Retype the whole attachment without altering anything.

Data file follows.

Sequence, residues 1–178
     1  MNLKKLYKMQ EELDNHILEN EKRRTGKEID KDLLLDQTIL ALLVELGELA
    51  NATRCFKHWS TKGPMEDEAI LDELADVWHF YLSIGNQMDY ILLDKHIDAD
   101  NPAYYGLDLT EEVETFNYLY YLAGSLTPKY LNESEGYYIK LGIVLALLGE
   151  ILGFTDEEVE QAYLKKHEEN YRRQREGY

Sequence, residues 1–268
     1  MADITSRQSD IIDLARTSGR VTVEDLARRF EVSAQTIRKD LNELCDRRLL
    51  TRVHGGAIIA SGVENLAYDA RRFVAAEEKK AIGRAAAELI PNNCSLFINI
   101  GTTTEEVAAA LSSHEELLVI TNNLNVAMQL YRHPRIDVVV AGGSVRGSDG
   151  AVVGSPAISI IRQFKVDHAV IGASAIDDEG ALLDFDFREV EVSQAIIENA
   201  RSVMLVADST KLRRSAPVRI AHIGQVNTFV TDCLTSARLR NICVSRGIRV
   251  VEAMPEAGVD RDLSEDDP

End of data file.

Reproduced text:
Sequence, residues 1–178
     1  MNLKKLYKMQ EELDNHILEN EKRRTGKEID KDLLLDQTIL ALLVELGELA
    51  NATRCFKHWS TKGPMEDEAI LDELADVWHF YLSIGNQMDY ILLDKHIDAD
   101  NPAYYGLDLT EEVETFNYLY YLAGSLTPKY LNESEGYYIK LGIVLALLGE
   151  ILGFTDEEVE QAYLKKHEEN YRRQREGY

Sequence, residues 1–268
     1  MADITSRQSD IIDLARTSGR VTVEDLARRF EVSAQTIRKD LNELCDRRLL
    51  TRVHGGAIIA SGVENLAYDA RRFVAAEEKK AIGRAAAELI PNNCSLFINI
   101  GTTTEEVAAA LSSHEELLVI TNNLNVAMQL YRHPRIDVVV AGGSVRGSDG
   151  AVVGSPAISI IRQFKVDHAV IGASAIDDEG ALLDFDFREV EVSQAIIENA
   201  RSVMLVADST KLRRSAPVRI AHIGQVNTFV TDCLTSARLR NICVSRGIRV
   251  VEAMPEAGVD RDLSEDDP